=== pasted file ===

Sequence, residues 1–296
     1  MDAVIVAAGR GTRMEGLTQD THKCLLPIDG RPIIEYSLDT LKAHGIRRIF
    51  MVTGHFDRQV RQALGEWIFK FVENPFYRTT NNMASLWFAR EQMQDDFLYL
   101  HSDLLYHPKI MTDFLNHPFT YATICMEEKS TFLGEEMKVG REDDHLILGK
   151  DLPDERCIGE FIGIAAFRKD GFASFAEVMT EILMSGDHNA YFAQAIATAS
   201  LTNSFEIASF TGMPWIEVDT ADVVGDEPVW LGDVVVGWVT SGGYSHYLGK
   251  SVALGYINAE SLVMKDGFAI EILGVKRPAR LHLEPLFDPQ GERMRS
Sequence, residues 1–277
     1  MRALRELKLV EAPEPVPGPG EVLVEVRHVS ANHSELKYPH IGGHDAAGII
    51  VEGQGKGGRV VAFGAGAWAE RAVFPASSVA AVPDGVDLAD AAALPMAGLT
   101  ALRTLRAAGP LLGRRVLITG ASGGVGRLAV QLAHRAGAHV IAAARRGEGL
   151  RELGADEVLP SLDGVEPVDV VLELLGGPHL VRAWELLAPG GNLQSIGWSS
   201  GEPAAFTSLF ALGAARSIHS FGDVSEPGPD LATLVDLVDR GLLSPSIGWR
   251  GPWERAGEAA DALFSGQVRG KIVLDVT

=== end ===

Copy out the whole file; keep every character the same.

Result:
Sequence, residues 1–296
     1  MDAVIVAAGR GTRMEGLTQD THKCLLPIDG RPIIEYSLDT LKAHGIRRIF
    51  MVTGHFDRQV RQALGEWIFK FVENPFYRTT NNMASLWFAR EQMQDDFLYL
   101  HSDLLYHPKI MTDFLNHPFT YATICMEEKS TFLGEEMKVG REDDHLILGK
   151  DLPDERCIGE FIGIAAFRKD GFASFAEVMT EILMSGDHNA YFAQAIATAS
   201  LTNSFEIASF TGMPWIEVDT ADVVGDEPVW LGDVVVGWVT SGGYSHYLGK
   251  SVALGYINAE SLVMKDGFAI EILGVKRPAR LHLEPLFDPQ GERMRS
Sequence, residues 1–277
     1  MRALRELKLV EAPEPVPGPG EVLVEVRHVS ANHSELKYPH IGGHDAAGII
    51  VEGQGKGGRV VAFGAGAWAE RAVFPASSVA AVPDGVDLAD AAALPMAGLT
   101  ALRTLRAAGP LLGRRVLITG ASGGVGRLAV QLAHRAGAHV IAAARRGEGL
   151  RELGADEVLP SLDGVEPVDV VLELLGGPHL VRAWELLAPG GNLQSIGWSS
   201  GEPAAFTSLF ALGAARSIHS FGDVSEPGPD LATLVDLVDR GLLSPSIGWR
   251  GPWERAGEAA DALFSGQVRG KIVLDVT